Teaching Students to be Effective Writers

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The practice guide “Teaching Elementary School Students to be Effective” provides specific, evidence-based recommendations for teaching writing. Below is an overview of the four key recommendations and associated teaching strategies and an indicator of the current level of evidence supporting the recommendation.

1. Provide daily time for writing (minimal evidence as to its effectiveness).

Intrinsic to the development of writing is setting aside time not only for explicitly teaching the skills and strategies associated with effective writing, but also for students to practise these skills and strategies.

Teaching Strategies:

  • Provide a minimum of one hour a day to writing.
  • Incorporated writing into other subject areas. For example, writing a report in science after conducting an experiment should include explicit instruction in procedural writing. Diary writing could be practised in a history lesson reflecting the experiences of a person in a particular era.

2. Teach students to use the writing process for a variety of purposes (strong evidence as to its effectiveness).

Explicitly teach student the components of the writing process: Planning, drafting, sharing, evaluating, revising, and editing. Publishing can also be incorporated but is not a requisite for every piece of writing.

Teaching Strategies:

  • Explicitly teach specific strategies for reach component of the writing process. For example, younger students could use POW (Pick ides, Organise notes, Write and say more). Persuasive writing body paragraphs could be taught using TEEL (Topic sentence, Explain, Example, Link back). In the editing stage, students can be given a checklist of elements to consider.
  • As a component of teaching a strategy, teachers should articulate the purpose of the strategy, model using the strategy and then guide students to use the strategy.
  • Provide models of writing that apply the strategies effectively and ineffectively. Help students identify the effective and ineffective strategies and then spend time improving the ineffective writing. Initially, this should be  modelled by the teacher, then completed in small groups and then individually.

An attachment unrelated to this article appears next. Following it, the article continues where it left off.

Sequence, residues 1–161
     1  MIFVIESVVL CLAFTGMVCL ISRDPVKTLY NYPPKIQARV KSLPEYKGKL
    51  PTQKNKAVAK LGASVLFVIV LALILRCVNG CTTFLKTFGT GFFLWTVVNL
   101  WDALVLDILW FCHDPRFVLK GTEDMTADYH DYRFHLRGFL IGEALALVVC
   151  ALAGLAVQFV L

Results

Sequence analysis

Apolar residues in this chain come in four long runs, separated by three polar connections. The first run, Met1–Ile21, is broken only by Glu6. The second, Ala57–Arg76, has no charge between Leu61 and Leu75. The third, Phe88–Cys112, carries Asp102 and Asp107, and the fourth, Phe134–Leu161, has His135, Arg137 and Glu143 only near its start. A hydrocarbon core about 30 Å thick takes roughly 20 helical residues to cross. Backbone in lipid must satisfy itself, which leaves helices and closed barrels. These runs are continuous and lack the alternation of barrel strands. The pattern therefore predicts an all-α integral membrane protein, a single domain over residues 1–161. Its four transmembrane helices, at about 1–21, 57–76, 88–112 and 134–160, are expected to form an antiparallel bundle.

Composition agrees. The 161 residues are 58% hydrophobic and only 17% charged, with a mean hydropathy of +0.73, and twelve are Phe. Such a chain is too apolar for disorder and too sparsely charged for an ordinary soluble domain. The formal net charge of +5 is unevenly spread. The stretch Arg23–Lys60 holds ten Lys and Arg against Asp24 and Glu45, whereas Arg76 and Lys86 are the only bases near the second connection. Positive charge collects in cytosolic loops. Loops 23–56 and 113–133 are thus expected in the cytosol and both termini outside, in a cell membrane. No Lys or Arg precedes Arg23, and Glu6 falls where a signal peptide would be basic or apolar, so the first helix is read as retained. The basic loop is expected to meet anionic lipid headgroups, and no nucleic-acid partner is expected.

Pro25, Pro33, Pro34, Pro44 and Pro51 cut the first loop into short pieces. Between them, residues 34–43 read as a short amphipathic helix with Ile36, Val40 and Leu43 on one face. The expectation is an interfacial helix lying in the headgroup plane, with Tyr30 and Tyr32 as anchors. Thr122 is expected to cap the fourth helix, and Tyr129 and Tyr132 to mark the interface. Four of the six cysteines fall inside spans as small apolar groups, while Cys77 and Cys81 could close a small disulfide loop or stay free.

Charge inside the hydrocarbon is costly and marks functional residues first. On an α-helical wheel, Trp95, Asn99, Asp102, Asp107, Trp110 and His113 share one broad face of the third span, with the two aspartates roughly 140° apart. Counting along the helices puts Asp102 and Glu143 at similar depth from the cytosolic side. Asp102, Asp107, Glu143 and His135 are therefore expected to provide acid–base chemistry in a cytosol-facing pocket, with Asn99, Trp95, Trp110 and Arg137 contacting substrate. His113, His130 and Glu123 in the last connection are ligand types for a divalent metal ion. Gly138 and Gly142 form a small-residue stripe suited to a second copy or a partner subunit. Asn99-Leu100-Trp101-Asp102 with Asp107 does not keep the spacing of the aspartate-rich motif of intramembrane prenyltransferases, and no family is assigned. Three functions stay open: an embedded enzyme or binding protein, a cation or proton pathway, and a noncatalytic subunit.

• As students become more competent in using a particular strategy, teachers should gradually reduce the amount of scaffolding provided, with students taking on more responsibility until they are able to independently apply the strategy as they write.
  • Explicitly teach students how to select and use appropriate writing strategies. A strategy chart, consisting of a list of strategies and situations in which those strategies could be used, might be a useful resource for students.
  • Encourage flexibility. As students’ range of strategies increases, they need to learn to move backwards and forwards between different components of the writing process.
  • Design writing activities which require students to write for different audiences.
  • Teach students the purpose of each genre (to describe, to narrate, to inform, or to persuade/analyse) and then explicitly teach the component of these genres.
  • Expose students to exemplary texts from a variety of sources (e.g., published texts, teacher’s own writing, peer writing) and highlight the features that make these texts effective (sentence structure, word choice, etc.).